Suzy Khimm checks in on the impact of Wall Street reform upon Dodd-Frank’s four-year anniversary yesterday:
We’ve eliminated some of the causes of the last crisis, but that doesn’t mean we’ve prevented the next one. The toxic mortgage products that led to the last financial collapse have been all but eliminated from the marketplace. If anything, policy experts and advocates are concerned that federal officials have gone too far in tamping down mortgage risk. But the next crisis isn’t likely to resemble the last one. Faced with increased regulation and scrutiny in one sector, financial institutions will simply turn to other kinds of financial products. A post-recession boom in subprime auto lending and junk-rated corporate debt, for instance, have recently raised concerns that few had anticipated four years ago. Such risky loans will continue unless regulations are implemented and enforced more effectively, said [finance professor Anat] Admati.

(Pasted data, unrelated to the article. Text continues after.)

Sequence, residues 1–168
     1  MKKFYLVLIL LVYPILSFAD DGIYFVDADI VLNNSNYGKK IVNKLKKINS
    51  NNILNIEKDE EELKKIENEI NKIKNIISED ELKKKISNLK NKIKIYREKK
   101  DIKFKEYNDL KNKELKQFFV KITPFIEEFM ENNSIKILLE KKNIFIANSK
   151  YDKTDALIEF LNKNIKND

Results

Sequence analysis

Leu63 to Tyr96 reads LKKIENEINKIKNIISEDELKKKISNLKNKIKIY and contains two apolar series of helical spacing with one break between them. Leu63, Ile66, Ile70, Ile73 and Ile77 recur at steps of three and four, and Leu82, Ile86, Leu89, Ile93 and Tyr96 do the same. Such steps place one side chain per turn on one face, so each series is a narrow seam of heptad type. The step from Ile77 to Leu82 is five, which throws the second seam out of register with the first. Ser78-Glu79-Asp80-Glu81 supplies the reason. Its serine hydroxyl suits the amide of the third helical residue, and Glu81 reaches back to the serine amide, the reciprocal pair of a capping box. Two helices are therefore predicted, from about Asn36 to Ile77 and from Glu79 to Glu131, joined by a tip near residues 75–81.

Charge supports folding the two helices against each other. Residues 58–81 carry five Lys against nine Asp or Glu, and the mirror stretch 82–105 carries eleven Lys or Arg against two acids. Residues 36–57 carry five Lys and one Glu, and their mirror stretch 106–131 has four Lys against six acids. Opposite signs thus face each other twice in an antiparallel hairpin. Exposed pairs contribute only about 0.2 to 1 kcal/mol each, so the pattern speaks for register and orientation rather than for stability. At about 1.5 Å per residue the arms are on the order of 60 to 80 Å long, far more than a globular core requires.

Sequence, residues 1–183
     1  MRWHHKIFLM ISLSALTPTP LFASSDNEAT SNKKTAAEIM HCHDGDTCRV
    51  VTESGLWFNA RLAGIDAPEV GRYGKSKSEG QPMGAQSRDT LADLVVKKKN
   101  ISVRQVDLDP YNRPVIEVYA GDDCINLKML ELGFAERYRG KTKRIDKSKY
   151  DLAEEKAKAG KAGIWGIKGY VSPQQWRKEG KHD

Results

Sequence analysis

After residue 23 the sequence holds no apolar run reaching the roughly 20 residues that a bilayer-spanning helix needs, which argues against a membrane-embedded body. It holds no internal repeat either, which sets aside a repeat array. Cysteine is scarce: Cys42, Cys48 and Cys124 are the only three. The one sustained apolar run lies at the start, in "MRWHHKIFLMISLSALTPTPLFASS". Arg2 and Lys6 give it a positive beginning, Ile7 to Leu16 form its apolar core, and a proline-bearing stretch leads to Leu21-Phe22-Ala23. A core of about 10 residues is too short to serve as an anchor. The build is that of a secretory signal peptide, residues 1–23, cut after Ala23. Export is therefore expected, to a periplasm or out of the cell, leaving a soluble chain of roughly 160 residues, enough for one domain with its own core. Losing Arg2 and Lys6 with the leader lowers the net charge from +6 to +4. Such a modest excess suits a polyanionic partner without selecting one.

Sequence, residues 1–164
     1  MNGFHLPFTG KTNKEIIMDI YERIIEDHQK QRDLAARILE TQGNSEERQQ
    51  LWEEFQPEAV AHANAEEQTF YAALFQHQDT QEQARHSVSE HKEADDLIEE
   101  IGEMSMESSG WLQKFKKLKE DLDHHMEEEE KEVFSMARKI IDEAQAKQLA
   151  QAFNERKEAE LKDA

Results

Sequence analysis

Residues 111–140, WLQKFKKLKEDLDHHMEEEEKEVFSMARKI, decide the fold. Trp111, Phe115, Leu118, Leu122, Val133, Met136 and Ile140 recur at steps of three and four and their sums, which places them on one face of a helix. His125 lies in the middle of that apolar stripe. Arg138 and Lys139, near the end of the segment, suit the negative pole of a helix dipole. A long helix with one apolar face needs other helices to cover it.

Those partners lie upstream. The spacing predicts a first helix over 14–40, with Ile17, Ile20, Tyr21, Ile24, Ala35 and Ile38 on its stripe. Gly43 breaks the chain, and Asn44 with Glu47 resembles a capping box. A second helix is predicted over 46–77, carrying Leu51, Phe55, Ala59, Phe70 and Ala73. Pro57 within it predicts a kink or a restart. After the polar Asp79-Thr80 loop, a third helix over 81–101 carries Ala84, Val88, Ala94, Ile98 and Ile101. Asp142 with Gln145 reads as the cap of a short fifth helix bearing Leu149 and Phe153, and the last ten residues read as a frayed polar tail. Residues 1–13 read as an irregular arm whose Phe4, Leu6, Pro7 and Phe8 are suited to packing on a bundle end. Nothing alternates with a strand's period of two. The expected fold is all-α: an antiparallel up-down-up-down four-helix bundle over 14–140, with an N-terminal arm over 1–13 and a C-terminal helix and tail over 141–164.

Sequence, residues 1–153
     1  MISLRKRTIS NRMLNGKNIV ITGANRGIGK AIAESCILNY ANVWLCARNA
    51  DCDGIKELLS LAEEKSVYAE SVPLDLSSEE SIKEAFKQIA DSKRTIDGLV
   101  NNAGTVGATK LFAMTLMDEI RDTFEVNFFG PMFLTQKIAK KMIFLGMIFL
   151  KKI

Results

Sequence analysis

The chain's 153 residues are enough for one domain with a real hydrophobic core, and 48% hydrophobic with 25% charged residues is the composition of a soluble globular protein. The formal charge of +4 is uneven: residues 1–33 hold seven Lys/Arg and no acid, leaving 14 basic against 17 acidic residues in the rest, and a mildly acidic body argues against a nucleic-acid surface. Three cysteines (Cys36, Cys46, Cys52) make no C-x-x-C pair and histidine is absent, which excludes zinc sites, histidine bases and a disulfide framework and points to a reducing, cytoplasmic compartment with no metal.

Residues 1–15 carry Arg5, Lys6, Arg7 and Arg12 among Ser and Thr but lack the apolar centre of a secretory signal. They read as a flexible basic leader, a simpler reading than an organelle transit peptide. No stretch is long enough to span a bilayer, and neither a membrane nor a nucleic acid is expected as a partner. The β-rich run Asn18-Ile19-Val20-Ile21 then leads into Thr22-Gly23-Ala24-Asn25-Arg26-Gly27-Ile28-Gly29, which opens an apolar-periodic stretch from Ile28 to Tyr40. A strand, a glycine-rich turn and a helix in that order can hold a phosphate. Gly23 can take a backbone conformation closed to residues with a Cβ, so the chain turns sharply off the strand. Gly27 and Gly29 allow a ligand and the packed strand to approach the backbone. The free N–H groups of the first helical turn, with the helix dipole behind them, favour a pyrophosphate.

Patrick Caldwell blames regulators and Republicans for failures in implementation: